JES: Because I think everyone has good and bad in them. There’s a cliché for you! But really, this character came to me twenty-five years ago and he was a little scary. I had to come up with redeeming qualities. It wasn’t hard to find those qualities, because he really doesn’t want to be a bad guy. He does his best to live his life in the way he thinks is right. It is possible to have characters with no good in them at all, but they’re cardboard, caricatures. Real people are not like that. I’ve often asked myself if I’d be afraid of Kevin if I met him in a dark alley, and the answer is no. There’s no reason to be afraid of him. He’s not going to shoot random people. He’s not a psychopath. He does his job, that’s it. Now, if you threaten his kids or his freedom, that’s another story. Then you can be afraid.
EBD: I was interested how you portrayed the killer’s sons. In your research, did you find any evidence of criminal traits passed down to the next generation genetically or did the research show social conditioning determined criminal tendencies?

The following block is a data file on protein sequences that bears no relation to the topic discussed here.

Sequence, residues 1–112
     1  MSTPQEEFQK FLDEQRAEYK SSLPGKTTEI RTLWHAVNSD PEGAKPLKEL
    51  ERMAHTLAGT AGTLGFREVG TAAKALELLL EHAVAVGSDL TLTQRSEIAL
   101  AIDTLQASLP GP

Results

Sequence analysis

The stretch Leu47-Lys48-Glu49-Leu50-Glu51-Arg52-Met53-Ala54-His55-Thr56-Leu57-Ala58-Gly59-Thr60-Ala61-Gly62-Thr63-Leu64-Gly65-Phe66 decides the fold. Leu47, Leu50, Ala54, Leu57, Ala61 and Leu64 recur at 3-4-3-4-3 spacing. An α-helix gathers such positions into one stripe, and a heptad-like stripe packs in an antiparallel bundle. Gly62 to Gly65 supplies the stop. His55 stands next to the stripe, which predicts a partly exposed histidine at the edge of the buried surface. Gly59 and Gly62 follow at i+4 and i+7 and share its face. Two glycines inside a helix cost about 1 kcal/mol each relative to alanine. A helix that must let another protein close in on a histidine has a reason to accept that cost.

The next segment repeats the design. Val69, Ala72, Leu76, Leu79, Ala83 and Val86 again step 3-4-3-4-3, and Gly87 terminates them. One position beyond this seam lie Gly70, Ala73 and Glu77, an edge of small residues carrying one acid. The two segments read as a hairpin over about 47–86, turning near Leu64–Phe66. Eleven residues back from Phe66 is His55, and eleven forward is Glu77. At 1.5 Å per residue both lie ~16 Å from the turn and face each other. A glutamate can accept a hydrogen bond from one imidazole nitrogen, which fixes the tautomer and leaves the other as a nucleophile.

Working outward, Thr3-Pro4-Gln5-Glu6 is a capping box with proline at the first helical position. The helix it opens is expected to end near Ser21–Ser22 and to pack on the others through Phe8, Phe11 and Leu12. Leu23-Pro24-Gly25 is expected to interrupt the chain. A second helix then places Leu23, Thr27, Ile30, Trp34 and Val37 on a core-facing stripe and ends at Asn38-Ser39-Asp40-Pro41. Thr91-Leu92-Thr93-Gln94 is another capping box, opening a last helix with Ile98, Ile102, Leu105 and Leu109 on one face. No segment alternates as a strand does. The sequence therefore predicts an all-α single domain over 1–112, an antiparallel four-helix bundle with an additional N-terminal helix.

JES: To tell you the truth, I didn’t research that all that much. I know alcoholism is an inherited trait, and I know about the warrior gene, but I do think it’s a combination of nature and nurture, like everything else. I have three kids, and watching them grow up was a lot of my research.
EBD: How long have you written?
JES: I’ve been writing all my life. I put books together when I was nine years old, doing the illustrations and the writing and using a stapler to bind them. I’ve had teachers who always encouraged me, and I love making up stories. I never sent out fiction though, until about fifteen years ago. It took a long time for me to be willing to accept that there might be rejection, and there was an awful lot of it.
EBD: Is this your first published novel?
JES: Yes. I’ve had lots of short stories and a bit of non-fiction published. This book was rejected by 80 agents before I went to small presses. It doesn’t fit into standard categories.